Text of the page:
The U.S. International Trade Commission (USITC) has launched a pilot program to test whether earlier rulings on certain dispositive issues in some section 337 investigations could limit unnecessary litigation, saving time and costs for all parties involved.
The pilot program is the Commission’s latest action in its ongoing efforts to improve its section 337 investigation procedures and meet its obligation to complete investigations expeditiously.
Section 337 investigations involve allegations of unfair practices in import trade. The majority of complaints filed under this statute involve patent infringement allegations, but they may also allege infringement of trademarks, copyrights, mask works, and other forms of intellectual property, theft of trade secrets, and other unfair acts.
Under the pilot program, the Commission will identify, at institution, investigations that are likely to present a potentially dispositive issue and direct the assigned Administrative Law Judge (ALJ) to rule on that issue early in the investigation through expedited factfinding and an abbreviated hearing limited to the identified issue.
One such issue could be the existence of a domestic industry. A key determination in the course of a section 337 investigation is whether an industry in the United States exists or is in the process of being established. If the USITC finds that there is no domestic industry, no remedies can be provided under the law.
While the pilot program is not limited to the issue of domestic industry (for example, other possible issues might include importation and standing), it provides a good example to explain how the pilot program will work.
Typically, the initial ruling on domestic industry has come relatively late in an investigation, often after several months of litigation (including an evidentiary hearing) when the ALJ issues his initial determination (ID) on whether there is a violation of section 337. The pilot program will reduce this time for this initial ruling to 100 days (subject to a limited extension for good cause).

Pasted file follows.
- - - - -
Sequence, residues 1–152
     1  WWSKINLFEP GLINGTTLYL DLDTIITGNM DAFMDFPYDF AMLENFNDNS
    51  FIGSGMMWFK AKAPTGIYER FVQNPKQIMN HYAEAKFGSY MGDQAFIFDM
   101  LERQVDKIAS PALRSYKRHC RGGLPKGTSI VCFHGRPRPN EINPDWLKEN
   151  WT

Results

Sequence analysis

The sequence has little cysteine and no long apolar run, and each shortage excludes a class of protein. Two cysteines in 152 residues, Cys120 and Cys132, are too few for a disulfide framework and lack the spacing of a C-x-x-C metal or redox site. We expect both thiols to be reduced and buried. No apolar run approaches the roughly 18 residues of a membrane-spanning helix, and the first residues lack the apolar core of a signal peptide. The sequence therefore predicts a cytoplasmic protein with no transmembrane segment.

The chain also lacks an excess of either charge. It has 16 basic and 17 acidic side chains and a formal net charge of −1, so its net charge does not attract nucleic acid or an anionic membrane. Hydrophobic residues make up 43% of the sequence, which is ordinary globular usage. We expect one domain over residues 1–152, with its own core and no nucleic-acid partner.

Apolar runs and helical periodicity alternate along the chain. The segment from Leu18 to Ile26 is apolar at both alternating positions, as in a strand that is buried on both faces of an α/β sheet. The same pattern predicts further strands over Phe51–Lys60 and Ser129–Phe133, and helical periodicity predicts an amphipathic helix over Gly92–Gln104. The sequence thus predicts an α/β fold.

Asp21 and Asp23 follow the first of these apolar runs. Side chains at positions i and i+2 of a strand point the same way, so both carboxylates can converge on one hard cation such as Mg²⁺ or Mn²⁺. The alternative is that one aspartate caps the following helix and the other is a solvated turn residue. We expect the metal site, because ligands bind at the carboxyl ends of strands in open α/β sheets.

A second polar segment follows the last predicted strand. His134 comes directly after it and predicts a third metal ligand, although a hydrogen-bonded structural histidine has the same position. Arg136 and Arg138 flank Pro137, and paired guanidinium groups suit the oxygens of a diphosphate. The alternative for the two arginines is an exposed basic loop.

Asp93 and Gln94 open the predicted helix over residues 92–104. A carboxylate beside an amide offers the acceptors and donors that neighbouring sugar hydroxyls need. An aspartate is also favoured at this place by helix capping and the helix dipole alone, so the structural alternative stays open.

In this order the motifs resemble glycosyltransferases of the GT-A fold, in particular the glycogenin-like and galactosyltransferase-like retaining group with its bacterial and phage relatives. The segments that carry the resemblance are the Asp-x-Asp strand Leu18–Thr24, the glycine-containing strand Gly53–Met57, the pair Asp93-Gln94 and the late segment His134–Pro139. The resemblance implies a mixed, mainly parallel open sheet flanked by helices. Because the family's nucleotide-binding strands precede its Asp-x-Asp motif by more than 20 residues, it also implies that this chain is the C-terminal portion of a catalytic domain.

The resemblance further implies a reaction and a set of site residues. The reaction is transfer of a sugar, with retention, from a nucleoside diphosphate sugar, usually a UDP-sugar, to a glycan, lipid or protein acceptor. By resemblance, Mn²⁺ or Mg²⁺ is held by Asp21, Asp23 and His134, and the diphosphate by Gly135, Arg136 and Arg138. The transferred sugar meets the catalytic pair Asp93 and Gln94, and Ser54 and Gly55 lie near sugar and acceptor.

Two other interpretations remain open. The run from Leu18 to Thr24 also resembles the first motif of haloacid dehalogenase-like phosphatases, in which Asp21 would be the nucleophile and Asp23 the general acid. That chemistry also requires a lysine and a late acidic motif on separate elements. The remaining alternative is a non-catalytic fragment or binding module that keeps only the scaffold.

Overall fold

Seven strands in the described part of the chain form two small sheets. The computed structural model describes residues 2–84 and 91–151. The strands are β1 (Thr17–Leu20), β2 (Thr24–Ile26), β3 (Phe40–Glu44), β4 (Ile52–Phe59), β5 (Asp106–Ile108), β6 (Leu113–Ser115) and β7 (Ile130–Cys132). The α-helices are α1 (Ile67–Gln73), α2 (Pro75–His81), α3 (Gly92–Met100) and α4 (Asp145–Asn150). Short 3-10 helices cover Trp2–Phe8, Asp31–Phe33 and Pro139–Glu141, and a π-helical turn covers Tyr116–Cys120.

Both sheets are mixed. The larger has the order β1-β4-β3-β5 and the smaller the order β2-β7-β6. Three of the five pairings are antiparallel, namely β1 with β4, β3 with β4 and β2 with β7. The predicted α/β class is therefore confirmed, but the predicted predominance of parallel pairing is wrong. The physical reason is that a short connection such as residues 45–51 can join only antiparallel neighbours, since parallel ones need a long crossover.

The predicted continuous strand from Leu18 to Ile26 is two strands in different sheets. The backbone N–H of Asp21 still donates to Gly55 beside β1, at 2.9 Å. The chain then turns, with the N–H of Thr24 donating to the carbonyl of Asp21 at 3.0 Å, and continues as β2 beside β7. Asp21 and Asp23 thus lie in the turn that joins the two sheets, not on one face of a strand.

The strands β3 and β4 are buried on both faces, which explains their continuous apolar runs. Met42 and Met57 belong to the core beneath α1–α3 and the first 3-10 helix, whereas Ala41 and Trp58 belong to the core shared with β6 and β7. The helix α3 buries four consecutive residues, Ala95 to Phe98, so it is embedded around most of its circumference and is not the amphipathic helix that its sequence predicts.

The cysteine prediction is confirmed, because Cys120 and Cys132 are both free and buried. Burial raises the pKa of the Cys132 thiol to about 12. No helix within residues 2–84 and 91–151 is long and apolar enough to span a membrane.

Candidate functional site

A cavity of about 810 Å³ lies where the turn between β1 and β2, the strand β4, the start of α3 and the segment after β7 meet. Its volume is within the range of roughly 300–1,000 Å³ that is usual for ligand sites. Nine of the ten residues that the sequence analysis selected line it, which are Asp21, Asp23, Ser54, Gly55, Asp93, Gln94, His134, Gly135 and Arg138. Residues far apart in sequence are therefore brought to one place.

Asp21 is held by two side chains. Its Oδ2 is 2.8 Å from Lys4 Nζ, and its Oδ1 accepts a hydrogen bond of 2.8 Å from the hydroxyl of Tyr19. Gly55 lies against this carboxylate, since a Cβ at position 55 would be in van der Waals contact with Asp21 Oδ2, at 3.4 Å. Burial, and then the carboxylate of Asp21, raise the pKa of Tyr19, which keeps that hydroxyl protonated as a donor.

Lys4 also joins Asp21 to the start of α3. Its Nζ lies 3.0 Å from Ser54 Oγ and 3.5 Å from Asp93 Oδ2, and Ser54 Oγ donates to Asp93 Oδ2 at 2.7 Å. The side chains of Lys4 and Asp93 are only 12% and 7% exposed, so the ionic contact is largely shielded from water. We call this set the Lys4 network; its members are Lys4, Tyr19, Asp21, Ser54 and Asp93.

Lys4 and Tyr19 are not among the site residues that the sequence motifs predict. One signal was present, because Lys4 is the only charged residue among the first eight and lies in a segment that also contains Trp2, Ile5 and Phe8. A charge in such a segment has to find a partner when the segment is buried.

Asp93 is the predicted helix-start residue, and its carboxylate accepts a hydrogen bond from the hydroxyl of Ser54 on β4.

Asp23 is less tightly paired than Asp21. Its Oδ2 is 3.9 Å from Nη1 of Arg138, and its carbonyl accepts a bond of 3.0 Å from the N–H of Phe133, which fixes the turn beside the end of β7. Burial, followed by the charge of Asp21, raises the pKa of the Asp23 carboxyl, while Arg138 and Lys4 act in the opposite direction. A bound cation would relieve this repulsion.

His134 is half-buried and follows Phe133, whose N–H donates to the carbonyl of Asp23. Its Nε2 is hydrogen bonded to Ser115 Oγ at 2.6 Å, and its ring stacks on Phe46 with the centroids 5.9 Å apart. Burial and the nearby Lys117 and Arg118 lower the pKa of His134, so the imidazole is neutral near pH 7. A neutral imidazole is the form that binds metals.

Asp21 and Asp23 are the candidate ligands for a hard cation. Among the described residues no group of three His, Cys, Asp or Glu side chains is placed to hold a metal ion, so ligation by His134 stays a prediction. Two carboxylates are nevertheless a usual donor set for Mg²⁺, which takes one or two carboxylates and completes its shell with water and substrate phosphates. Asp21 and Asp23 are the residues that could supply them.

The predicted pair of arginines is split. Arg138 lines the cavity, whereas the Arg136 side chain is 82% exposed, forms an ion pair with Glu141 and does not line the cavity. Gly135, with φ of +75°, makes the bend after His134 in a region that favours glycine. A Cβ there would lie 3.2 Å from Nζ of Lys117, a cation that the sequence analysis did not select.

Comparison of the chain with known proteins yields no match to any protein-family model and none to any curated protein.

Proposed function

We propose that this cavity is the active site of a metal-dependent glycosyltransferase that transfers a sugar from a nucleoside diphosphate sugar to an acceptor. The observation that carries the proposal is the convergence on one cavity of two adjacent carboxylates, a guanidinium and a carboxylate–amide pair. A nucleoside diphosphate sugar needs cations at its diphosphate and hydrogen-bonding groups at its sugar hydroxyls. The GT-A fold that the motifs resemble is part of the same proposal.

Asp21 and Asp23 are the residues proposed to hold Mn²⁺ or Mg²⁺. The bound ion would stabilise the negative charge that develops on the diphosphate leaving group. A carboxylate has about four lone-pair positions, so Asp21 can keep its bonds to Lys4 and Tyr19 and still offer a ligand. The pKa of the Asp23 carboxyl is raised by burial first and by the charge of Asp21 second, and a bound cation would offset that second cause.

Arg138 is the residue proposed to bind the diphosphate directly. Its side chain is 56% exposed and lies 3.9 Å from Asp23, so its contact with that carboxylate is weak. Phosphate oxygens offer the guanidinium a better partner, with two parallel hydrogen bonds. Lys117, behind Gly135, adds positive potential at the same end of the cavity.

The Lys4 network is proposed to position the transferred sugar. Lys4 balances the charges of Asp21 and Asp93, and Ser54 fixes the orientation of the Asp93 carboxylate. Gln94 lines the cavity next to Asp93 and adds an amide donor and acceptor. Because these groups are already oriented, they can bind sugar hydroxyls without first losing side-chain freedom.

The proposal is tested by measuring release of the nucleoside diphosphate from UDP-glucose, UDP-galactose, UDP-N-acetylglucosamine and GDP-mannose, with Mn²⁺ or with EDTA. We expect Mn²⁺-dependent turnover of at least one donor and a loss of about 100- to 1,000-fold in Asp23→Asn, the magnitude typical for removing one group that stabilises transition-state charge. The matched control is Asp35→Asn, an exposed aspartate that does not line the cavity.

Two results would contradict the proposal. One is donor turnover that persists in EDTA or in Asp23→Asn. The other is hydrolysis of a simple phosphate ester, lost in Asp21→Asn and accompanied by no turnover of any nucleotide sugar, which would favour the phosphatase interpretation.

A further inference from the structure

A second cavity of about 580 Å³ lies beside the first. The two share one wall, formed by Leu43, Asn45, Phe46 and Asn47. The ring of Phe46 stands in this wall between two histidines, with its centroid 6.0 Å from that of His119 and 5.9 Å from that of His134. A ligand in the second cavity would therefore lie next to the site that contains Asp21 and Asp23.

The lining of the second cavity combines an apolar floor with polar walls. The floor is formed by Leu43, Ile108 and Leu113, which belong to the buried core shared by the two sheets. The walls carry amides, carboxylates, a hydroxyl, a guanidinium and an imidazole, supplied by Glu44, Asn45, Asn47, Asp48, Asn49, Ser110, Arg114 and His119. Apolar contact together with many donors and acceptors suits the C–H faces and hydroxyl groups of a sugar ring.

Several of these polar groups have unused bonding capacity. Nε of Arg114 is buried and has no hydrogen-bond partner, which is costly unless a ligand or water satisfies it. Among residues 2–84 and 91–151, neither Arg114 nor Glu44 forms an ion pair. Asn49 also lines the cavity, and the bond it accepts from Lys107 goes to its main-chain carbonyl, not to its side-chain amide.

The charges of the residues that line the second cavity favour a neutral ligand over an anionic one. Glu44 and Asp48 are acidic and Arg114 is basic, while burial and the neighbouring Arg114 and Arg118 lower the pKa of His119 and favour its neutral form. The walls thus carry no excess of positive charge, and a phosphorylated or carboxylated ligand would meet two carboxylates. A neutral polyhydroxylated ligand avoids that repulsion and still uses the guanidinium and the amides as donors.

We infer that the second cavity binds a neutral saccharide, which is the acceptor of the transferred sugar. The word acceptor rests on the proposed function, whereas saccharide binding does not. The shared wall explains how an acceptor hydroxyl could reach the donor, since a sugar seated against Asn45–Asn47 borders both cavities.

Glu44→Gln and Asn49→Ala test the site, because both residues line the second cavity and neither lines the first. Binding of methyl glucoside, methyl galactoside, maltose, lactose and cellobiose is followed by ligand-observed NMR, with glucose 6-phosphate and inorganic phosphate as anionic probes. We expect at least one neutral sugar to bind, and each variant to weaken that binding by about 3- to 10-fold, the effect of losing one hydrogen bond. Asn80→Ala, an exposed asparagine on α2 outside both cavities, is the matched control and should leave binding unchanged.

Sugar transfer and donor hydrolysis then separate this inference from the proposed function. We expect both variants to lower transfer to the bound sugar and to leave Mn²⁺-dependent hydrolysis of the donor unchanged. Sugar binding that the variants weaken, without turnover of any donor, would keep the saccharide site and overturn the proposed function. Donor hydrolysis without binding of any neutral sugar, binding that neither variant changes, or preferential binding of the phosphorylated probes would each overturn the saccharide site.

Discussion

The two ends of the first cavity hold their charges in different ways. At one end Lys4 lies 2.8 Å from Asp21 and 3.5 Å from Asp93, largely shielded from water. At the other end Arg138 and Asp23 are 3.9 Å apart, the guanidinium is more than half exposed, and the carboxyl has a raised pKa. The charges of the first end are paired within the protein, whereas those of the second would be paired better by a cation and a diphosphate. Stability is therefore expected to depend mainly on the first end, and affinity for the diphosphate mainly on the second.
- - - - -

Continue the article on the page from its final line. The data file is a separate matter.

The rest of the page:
If an investigation is designated to participate in the pilot program, the Commission will set out specific timeframes for expedited activities in its notice of institution. In general, for such investigations, the Commission will direct the presiding ALJ to expedite factfinding in the investigation on the domestic industry requirement (including an early evidentiary hearing) and issue an early ID on this matter within 100 days of institution. (The presiding ALJ will have the discretion to grant a limited extension of the early ID for good cause shown.)
Petitions for review of IDs issued under the pilot program will be due five calendar days after the ID has been served on the parties, and replies will be due three business days after any petition for review has been served. The Commission will determine whether to review the early ID within 30 days after the ALJ issues it; if the Commission does not review the ID, it will become the Commission’s final determination. Commission review will normally be completed within 30 days.
If the ALJ issues an early ID finding that there is no domestic industry, that action would stay the investigation pending Commission action. Any other decision would not stay the investigation or delay a final ID covering other issues of the investigation. The Commission does not expect any delays in other investigations assigned to the presiding ALJ.
The Commission employed the pilot program’s approach recently when it instituted Inv. No. 337-TA-874, Certain Products Having Laminated Packaging, Laminated Packaging, and Components Thereof. In its notice of institution for this investigation, the Commission directed the ALJ in this case to collect facts and issue an early ruling on the domestic industry issue within 100 days of the investigation’s institution, as described above.
The Commission recognizes that resolving issues in pilot program investigations will be challenging for the ALJs and the parties. However, it notes that the complainant controls the timing of the complaint’s filing and should be prepared to prove its case, including such elements as domestic industry, importation, and standing, without extensive discovery on these issues. While some complainants rely on licensees’ activities to satisfy the domestic industry requirement, such complainants should have acquired the necessary information from licensees prior to filing the complaint and have a well-developed plan for obtaining any necessary discovery immediately upon institution.
The Commission may make appropriate adjustments to the program over time. The Commission will evaluate the results of the pilot program to determine whether to promulgate specific rules and implement this procedure on a permanent basis. The Commission may also make other changes to its rules in light of its experience with the program.
Details about other USITC efforts to improve its Section 337 procedures can be found at the following links:
Notice of Final Rulemaking: E-Discovery in Section 337
Notice of Final Rulemaking: Rules Related to Procedures in Section 337 Investigations
E-Discovery: Commission Adopts Final Rules
Section 337: Building the Record on the Public Interest